Author Ayhan Simsek
Editor Sean Sinico
Turkey risks endangering ties with the international community because of its support for the Muslim Brotherhood in Egypt. But an Erdogan aide says Ankara faces not isolation but a “precious loneliness.”
Turkish Prime Minister Recep Tayyip Erdogan’s criticism of the July 3 coup and the bloody crackdown in Egypt has sparked an angry diplomatic row between Ankara and Cairo.
Egypt accused Turkey’s Islamic-conservative Justice and Development Party (AKP) government for interfering in its internal affairs. Extending strong support to the Muslim Brotherhood, members of the AKP government accused the military-backed regime in Egypt of committing crimes against humanity.
The two countries recalled their ambassadors for consultations, the latest sign of worsening relations between two strategically important countries in the Muslim world.
Erdogan has made his support for Morsi clear
Former Turkish Foreign Minister Yasar Yakis, a founding member of the AKP and its first foreign minister, expressed concern for the future of Turkish-Egyptian ties. Yakis, who also served as an ambassador to the Cairo during the 90s, said continuation of diplomatic ties with Egypt is critical for Turkey’s ability to influence developments in the country.
“I think Turkey was right to define the situation as a coup from the very beginning and to strongly condemn it in the international arena,” Yakis told DW. “One can criticize anti-democratic developments, but there is no need to be at loggerheads with the current regime in Egypt.”
Erdogan angers all
Erdogan has been a vocal opponent of the military regime in Egypt that ousted his close ally, former Egyptian President Mohamed Morsi. Over the last two years, Erdogan’s AKP government extended its support to Morsi and the Muslim Brotherhood, not only due to their ideological closeness, but also due to Turkey’s aspirations of gaining clout in the region. After Morsi’s removal from office, however, Ankara saw its influence in Cairo decline.
On Tuesday, Erdogan accused Western countries as well as the Islamic world, of failing to stand against the coup and the bloody crackdown in Egypt. He also said he had documents showing Israel had a hand in events in Egypt.
Erdogan’s remarks angered not only the Israeli and the Egyptian governments, but also sparked a strong condemnation by the US government.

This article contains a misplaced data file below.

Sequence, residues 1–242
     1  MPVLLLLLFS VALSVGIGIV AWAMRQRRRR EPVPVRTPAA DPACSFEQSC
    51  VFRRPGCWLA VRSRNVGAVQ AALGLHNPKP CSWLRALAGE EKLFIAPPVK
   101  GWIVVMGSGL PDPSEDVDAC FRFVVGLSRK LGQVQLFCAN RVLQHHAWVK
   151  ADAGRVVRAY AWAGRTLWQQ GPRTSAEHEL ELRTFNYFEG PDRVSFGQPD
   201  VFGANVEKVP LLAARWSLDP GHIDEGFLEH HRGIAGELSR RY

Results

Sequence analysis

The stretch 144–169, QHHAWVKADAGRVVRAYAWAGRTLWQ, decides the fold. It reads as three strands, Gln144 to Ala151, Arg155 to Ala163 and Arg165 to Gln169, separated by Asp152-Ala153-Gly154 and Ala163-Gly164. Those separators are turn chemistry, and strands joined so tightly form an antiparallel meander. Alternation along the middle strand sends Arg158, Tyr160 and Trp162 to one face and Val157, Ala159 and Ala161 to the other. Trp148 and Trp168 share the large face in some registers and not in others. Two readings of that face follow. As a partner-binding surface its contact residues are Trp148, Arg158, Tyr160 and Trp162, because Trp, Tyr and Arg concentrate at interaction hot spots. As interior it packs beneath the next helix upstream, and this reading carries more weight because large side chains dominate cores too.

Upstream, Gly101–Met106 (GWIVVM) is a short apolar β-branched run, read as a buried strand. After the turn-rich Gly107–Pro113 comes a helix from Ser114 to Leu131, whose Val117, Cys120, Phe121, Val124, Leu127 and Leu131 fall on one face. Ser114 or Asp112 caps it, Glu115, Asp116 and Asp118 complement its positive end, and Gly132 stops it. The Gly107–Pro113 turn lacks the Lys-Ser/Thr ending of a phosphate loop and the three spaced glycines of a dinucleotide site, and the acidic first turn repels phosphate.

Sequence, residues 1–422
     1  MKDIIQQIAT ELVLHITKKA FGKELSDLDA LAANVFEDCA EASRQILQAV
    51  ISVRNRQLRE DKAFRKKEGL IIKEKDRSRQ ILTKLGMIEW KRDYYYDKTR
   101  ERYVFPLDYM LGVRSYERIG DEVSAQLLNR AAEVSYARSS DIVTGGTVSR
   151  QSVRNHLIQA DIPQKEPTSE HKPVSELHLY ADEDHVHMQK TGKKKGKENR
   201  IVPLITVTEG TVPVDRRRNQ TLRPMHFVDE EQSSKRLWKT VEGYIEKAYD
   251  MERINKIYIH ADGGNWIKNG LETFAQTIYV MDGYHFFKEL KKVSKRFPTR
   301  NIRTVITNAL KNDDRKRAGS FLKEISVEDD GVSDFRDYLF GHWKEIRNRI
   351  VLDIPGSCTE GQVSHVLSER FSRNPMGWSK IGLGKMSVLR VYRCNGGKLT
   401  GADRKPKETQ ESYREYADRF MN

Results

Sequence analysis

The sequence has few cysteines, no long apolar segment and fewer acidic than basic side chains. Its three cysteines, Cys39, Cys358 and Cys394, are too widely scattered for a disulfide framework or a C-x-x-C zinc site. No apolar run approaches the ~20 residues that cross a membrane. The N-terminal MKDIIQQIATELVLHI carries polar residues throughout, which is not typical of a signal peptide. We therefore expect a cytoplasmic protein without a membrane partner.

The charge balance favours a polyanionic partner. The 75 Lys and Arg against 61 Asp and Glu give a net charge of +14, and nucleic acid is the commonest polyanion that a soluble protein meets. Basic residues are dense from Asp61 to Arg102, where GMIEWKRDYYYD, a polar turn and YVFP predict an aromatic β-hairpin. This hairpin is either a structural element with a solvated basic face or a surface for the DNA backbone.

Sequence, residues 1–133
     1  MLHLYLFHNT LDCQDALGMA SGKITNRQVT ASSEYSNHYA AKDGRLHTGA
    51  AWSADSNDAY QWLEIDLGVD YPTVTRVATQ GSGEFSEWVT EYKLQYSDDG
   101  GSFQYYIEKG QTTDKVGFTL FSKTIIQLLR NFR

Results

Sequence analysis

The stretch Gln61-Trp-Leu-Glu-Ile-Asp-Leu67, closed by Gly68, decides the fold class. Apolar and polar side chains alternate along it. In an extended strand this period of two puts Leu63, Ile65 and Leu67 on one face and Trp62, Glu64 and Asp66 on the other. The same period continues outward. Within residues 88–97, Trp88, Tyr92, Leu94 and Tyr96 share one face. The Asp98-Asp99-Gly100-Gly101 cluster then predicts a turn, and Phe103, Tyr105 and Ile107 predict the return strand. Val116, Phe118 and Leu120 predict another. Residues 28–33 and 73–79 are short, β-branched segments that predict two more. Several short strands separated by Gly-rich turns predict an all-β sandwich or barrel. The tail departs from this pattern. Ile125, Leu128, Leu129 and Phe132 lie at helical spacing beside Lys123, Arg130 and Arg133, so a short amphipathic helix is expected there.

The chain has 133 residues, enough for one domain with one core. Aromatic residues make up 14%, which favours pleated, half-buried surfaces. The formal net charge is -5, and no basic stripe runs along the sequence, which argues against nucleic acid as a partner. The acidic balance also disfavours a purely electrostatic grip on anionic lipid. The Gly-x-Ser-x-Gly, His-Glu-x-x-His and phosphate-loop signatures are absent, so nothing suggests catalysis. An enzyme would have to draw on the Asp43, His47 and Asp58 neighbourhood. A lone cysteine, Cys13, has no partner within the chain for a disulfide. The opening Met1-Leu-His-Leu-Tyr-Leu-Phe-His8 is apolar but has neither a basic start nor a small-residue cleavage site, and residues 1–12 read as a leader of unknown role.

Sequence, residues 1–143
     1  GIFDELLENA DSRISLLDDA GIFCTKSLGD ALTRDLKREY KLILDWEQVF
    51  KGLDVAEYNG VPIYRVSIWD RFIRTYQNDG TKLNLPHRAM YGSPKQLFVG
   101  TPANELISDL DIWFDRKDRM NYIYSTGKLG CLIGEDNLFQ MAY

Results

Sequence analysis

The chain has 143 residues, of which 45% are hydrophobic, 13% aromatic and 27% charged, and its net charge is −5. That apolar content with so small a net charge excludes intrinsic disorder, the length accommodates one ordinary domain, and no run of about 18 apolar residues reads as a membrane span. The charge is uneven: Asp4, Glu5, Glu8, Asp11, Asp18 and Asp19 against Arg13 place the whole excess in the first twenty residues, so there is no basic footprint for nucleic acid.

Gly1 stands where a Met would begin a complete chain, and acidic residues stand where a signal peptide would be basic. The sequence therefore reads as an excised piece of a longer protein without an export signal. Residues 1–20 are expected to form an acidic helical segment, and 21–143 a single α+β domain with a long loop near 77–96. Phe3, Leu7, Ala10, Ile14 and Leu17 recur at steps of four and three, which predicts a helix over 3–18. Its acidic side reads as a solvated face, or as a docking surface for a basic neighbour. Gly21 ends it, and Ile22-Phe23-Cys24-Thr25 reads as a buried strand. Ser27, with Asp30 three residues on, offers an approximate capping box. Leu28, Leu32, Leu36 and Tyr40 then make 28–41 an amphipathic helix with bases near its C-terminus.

“We strongly condemn the statements that were made by Prime Minister Erdogan,” White House spokesman Josh Earnest told reporters. “Suggesting that Israel is somehow responsible for recent events in Egypt is offensive, unsubstantiated and wrong.”
A military-backed crackdown on Muslim Brotherhood camps left hundreds dead.
Isolation or “precious loneliness”?
According to international relations professor Ihsan Dagi, Turkey’s foreign policy is unlike that of any other country in the region and is troubling Turkey’s relations with other countries. “Even among the Muslim nations, there is no country that has a similar position to us on Egypt,” he wrote in his column for the daily “Zaman.”
Dagi said Turkey should return to Foreign Minister Ahmet Davutoglu’s “no problems with the neighbors” policy and focus on dialogue and cooperation.
But despite the criticism, the Turkish government does not seem willing to alter its approach.
If critics were correct, then Turkey’s current position in the Middle East should not be seen as “isolation,” but rather as a “precious loneliness” that comes from sticking to Turkey’s morals and principles, tweeted Ibrahim Kalin, Erdogan’s chief foreign policy advisor.
Former foreign minister Yakis’ said the weeks ahead will be difficult for Turkey.
“We are likely to face serious differences with the Gulf states, the US and other Western countries,” he said.